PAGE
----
Statistical analysis

A person-year analysis was conducted: in each of the at-risk groups (i.e., HIV-positive and HIV-negative IDU, and HIV-positive heterosexuals), the expected number of cases of ICC was computed based on ICC incidence rates registered, for the period 1988–1992, among women 15–49 years of age in the population-based cancer registries of Italy or France (Parkin et al.,1997). Data were from all the 13 Italian and from all the 8 French population-based cancer registries, since the women enrolled in the 3 studies resided in different Italian or French areas not covered by cancer registration. The average annual, age-standardized, ICC incidence rates were multiplied by the number of person-years of observation to obtain the expected number of ICC. The observed number of cases was then divided by the expected number to obtain standardized incidence ratios (SIR). Confidence intervals (CIs) of these SIRs were determined using the Poisson distribution for the observed cases (Breslow and Day, 1987).

The chi-square for trend was used to compare the frequency distribution according to age and calendar year at enrollment between HIV-positive IDU and heterosexual women, and between HIV-positive and HIV-negative former IDU women admitted to the San Patrignano Community.


Age and calendar year at enrollment of the women under study are listed in Table I. The 629 HIV-positive IDU and the 589 HIV-positive heterosexual women enrolled in the DMI-2 study group were of similar age (the median age was 28.5 years and 29.0 years, respectively). More heterosexuals (48%) than IDUs (22%) were enrolled in the study after 1992 (p < 0.001). In the ISS cohort, HIV-positive heterosexual women tended to be older and to be enrolled later than IDUs (p < 0.001).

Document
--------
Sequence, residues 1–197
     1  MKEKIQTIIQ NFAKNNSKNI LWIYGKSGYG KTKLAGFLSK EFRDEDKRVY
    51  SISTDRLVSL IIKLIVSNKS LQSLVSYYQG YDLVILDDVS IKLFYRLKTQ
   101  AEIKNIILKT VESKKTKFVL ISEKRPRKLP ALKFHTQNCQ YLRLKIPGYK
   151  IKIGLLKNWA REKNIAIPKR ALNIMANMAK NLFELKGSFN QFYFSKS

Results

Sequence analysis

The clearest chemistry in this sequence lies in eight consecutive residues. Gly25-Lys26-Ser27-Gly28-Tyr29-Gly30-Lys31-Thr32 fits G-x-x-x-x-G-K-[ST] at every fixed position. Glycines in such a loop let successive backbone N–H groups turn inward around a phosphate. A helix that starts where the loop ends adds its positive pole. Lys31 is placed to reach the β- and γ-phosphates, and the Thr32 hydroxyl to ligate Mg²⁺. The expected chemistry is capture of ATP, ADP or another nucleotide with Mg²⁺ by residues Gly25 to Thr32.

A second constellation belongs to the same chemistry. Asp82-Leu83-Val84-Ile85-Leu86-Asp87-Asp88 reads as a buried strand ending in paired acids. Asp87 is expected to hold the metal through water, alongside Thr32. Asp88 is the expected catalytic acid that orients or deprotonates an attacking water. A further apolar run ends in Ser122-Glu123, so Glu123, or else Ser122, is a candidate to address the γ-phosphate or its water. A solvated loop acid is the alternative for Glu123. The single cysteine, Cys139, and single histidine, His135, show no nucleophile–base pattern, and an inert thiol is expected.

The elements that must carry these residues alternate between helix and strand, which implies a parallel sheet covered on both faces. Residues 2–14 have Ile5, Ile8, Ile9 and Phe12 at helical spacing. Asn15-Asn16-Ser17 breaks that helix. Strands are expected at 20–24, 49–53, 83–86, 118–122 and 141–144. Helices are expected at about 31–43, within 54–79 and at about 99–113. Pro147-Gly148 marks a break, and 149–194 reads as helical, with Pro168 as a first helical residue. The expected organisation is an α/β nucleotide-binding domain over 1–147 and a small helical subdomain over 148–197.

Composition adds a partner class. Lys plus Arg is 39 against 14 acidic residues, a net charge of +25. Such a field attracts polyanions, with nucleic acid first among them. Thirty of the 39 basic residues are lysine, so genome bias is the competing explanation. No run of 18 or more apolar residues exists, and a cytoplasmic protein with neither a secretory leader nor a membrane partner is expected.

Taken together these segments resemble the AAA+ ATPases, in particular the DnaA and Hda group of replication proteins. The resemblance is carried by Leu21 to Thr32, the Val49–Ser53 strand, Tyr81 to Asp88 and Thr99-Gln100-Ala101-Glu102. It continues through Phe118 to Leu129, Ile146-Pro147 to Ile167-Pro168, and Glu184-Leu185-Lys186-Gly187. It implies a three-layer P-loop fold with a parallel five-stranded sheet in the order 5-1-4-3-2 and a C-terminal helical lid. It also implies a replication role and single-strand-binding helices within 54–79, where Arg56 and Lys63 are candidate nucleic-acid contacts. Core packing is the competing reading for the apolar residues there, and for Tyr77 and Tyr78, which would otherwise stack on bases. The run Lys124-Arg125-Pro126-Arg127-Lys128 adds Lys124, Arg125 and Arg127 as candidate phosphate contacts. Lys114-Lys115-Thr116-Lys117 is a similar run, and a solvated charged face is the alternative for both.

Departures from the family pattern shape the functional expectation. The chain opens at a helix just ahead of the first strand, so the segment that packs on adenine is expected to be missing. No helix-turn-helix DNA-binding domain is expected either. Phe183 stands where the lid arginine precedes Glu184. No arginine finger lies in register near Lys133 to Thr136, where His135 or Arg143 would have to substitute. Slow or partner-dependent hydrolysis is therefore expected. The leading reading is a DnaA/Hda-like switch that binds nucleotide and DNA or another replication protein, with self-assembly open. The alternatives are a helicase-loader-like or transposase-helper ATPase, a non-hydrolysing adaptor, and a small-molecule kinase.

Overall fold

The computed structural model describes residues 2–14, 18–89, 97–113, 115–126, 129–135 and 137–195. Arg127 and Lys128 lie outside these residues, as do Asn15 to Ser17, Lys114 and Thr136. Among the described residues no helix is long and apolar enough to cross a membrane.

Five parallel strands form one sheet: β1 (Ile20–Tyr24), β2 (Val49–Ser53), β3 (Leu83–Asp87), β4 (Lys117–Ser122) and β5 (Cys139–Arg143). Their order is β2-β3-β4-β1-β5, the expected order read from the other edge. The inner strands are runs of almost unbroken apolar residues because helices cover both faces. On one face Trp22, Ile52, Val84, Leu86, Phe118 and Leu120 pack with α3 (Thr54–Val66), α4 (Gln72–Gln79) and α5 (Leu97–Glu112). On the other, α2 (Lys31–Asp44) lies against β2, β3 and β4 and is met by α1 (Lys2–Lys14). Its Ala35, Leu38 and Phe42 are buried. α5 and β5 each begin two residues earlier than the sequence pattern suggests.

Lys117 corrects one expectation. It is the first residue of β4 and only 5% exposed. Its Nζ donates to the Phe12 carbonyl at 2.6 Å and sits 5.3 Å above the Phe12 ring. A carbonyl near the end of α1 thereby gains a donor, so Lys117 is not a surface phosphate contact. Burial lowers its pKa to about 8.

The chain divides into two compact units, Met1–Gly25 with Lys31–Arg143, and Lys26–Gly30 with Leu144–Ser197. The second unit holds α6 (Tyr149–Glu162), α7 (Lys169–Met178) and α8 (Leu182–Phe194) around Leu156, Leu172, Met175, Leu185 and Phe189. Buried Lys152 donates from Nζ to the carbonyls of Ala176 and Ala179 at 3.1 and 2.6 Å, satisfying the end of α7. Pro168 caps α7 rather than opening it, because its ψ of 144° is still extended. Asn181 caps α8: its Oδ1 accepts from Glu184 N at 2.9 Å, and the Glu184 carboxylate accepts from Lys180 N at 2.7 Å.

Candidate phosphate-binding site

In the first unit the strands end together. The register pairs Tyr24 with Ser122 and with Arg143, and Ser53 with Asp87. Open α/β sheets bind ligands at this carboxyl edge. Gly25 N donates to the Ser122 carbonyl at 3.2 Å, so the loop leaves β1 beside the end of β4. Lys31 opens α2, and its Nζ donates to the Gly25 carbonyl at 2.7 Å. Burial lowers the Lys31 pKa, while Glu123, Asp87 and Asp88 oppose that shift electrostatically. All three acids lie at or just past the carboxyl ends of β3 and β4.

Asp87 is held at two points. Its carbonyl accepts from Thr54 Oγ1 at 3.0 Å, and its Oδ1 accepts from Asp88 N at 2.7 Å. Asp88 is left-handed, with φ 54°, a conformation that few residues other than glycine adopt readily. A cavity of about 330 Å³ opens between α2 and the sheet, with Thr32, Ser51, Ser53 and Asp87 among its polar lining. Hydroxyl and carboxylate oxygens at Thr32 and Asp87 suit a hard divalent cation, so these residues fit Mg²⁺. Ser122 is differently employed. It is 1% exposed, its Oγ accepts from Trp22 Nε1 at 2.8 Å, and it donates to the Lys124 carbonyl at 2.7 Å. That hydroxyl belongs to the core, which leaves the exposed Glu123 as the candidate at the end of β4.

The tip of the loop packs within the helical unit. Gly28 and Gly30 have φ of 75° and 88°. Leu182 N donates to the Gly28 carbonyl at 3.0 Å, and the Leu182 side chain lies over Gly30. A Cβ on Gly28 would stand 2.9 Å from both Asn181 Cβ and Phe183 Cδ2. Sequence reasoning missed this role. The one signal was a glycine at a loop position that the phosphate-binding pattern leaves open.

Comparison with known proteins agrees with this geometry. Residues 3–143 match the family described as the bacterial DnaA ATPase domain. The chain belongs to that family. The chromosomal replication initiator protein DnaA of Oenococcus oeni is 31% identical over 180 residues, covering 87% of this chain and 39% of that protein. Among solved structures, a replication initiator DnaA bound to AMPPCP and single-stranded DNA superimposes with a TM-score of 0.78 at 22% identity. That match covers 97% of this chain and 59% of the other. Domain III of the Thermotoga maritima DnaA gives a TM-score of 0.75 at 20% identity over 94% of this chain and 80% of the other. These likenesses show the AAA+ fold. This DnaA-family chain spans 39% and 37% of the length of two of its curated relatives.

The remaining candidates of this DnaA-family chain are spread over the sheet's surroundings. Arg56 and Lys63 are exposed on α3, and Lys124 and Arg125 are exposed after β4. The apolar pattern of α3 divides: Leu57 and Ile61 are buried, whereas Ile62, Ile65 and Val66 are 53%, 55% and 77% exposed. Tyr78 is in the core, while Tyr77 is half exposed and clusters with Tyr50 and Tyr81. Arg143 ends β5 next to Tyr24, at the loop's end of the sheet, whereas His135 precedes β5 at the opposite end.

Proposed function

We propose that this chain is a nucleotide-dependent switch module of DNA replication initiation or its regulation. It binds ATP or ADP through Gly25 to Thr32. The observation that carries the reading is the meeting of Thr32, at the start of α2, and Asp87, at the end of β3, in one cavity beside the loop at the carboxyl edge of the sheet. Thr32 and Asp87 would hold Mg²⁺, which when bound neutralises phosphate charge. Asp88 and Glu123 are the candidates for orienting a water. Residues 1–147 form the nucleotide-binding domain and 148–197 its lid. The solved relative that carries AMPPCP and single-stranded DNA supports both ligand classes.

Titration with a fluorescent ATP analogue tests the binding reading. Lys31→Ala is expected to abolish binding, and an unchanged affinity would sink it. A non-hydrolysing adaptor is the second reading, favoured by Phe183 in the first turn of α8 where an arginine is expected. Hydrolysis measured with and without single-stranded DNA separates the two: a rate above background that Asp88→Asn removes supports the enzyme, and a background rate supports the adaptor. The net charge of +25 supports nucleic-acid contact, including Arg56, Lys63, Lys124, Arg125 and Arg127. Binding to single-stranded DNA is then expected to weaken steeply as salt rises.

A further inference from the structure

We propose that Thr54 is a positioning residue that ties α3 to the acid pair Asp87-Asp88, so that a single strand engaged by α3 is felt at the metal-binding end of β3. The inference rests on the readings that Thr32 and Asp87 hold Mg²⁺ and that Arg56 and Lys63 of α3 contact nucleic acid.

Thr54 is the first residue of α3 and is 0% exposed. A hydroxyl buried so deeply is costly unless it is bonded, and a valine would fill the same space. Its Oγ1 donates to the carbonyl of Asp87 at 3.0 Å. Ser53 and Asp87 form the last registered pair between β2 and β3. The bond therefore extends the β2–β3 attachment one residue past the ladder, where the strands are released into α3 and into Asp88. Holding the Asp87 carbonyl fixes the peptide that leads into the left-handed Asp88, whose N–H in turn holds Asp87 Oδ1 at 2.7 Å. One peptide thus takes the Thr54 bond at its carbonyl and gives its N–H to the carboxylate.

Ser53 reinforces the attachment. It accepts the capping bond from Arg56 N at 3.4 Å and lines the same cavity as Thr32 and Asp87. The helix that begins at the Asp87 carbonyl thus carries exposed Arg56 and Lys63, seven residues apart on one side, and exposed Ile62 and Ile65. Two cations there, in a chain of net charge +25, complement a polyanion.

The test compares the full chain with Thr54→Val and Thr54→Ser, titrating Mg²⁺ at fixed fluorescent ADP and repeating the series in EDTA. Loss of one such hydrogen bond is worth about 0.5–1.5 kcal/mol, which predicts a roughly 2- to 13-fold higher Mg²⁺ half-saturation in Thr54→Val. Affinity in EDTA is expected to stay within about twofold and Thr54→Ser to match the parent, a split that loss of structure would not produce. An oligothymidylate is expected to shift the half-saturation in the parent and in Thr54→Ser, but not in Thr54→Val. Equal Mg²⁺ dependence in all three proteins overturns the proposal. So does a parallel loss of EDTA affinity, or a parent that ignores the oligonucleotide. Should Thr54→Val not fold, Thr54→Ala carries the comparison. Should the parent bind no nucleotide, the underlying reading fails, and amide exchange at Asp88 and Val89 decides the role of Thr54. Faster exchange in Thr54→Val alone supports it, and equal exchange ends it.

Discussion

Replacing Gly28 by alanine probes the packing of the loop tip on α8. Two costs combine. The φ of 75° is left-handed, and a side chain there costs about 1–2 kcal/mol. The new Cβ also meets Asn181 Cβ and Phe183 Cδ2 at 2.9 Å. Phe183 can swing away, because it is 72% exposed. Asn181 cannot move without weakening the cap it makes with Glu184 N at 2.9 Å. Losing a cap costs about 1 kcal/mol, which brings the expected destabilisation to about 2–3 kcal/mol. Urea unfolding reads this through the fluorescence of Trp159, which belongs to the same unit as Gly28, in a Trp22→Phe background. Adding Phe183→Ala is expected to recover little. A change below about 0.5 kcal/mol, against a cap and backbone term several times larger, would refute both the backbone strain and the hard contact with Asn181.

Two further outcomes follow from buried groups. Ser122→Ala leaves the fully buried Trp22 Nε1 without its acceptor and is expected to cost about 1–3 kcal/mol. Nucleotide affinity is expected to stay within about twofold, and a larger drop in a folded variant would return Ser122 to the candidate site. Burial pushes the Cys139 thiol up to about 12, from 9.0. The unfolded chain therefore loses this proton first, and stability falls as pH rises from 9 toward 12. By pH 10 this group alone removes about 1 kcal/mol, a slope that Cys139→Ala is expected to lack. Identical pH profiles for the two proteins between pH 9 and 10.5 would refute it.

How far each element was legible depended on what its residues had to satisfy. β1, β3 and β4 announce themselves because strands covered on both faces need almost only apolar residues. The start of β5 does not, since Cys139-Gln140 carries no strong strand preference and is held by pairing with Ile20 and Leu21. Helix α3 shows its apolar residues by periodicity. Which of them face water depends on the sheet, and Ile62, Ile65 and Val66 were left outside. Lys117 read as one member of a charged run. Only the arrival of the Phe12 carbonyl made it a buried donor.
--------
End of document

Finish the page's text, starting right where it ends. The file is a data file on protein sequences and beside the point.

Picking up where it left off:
DMI-2 studyItalian seroconverterSan Patrignano
study (ISS)
positive positive positive positive negative positive
IDUs heterosexuals IDUs heterosexuals IDUs IDUs
(N = 629) (N = 589) (N = 272) (N = 212) (N = 811) (N = 439)
  • 1

    Data are presented as number (%).

  • 2

    χ2 for trend, HIV-positive IDUs vs. HIV-positive heterosexuals: p = 0.93.

  • 3

    χ2 for trend, HIV-positive IDUs vs. HIV-positive heterosexuals: p < 0.001.

  • 4

    χ2 for trend, HIV-positive IDUs vs. HIV-negative IDUs: p < 0.001.

Age (years)
 15–199 (1.4)22 (3.7)25 (9.2)12 (5.7)117 (14.4)29 (6.6)
 20–24109 (17.3)112 (19.0)111 (40.8)71 (33.5)318 (39.2)143 (32.6)
 25–29268 (42.6)188 (31.9)82 (30.1)73 (34.4)261 (32.2)183 (41.7)
 30–49243 (38.6)267 (45.3)254 (19.9)56 (26.4)3115 (14.2)84 (19.1)4
Year at enrollment
 ≤1989223 (35.5)74 (12.6)166 (61.0)105 (49.5)206 (25.4)191 (43.5)
 1990–1992268 (42.6)234 (39.7)69 (25.4)51 (24.1)309 (38.1)151 (34.4)
 1993–1997138 (21.9)281 (47.7)337 (13.6)56 (26.4)3296 (36.5)97 (22.1)4
Person-years at risk2,382.31,956.12,005.51,324.32,310.11,401.7

Baseline CD4 cell count was available for 59% of women in the DMI-2 study group and for 29% of women in the ISS cohort. The median number of CD4 cells ranged from 284 for IDUs to 350 for heterosexuals in the DMI-2 study, and from 566 among heterosexuals to 697 for IDUs in the latter (data not shown).

At admission in the San Patrignano Community, 439 (35%) of the 1,250 former IDU women were HIV-positive and 811 were HIV-negative. HIV-positive former IDUs were older and were more frequently admitted in San Patrignano before 1993 than HIV-negative former IDU women (Table I).